Journal of STEM Teacher Education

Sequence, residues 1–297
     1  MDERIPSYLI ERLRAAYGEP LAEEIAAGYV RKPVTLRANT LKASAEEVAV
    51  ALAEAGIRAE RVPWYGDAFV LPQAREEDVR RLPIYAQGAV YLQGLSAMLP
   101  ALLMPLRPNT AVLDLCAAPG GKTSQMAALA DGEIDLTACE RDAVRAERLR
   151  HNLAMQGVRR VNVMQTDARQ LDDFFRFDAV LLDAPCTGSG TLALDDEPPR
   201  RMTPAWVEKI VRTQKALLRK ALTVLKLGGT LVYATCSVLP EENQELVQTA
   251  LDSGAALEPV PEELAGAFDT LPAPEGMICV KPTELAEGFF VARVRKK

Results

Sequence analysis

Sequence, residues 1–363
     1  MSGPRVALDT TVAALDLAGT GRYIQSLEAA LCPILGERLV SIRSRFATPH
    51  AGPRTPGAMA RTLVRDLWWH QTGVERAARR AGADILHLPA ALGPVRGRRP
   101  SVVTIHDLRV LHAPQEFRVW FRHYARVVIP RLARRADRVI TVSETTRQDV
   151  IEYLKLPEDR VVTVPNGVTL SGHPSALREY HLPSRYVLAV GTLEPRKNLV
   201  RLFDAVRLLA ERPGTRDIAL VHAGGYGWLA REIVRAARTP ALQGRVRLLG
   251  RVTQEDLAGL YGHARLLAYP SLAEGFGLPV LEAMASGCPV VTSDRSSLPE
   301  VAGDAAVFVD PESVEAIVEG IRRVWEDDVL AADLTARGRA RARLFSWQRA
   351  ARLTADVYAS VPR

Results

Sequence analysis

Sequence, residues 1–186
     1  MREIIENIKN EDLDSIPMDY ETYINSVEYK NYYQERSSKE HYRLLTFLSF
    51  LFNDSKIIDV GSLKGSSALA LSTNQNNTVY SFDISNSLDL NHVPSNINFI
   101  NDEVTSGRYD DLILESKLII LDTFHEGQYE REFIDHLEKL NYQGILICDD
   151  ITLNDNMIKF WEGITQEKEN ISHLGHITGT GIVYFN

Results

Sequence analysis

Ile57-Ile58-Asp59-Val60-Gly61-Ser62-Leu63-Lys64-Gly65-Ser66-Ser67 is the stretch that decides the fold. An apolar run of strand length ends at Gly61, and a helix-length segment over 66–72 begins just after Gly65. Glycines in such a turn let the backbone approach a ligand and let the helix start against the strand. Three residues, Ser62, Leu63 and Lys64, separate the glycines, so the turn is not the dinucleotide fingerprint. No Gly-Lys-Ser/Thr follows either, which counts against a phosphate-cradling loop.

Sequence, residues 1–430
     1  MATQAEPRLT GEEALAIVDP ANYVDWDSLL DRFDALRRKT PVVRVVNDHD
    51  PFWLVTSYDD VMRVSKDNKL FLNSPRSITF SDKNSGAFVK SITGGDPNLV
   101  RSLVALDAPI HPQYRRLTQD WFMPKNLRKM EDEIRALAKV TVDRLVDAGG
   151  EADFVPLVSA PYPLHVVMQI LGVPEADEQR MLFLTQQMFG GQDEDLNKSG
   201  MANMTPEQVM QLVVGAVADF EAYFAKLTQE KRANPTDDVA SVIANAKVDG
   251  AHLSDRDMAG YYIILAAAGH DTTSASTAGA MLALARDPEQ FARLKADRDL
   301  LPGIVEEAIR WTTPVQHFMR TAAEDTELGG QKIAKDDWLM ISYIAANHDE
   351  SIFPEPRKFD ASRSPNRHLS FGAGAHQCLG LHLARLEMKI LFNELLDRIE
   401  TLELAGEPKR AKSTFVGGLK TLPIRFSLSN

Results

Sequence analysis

The STEM teacher workforce in the United States has faced a host of pressing challenges, including teacher shortages, pervasive job dissatisfaction, and high turnover, problems largely attributable to working conditions within schools and districts. These problems have been exacerbated in high-needs districts with fewer resources and more students from low-income communities. Since social network research has shown that workplace relationships are vital for retention, this study investigates the demographic and relational antecedents to what we dub ties of retention. We explore how demographic and relational properties affect the likelihood that teachers have “retention-friendly” networks, characterized by connections important for retention. Our analysis of data from a sample of 120 STEM teachers across five geographic regions identifies key demographics (i.e., site, gender, career changer, and prior teaching experience) and relational properties (network size, positive affect, and perceptions of bridging) associated with ties of retention. We discuss the implications of our findings for the STEM teacher workforce and for teacher education programs.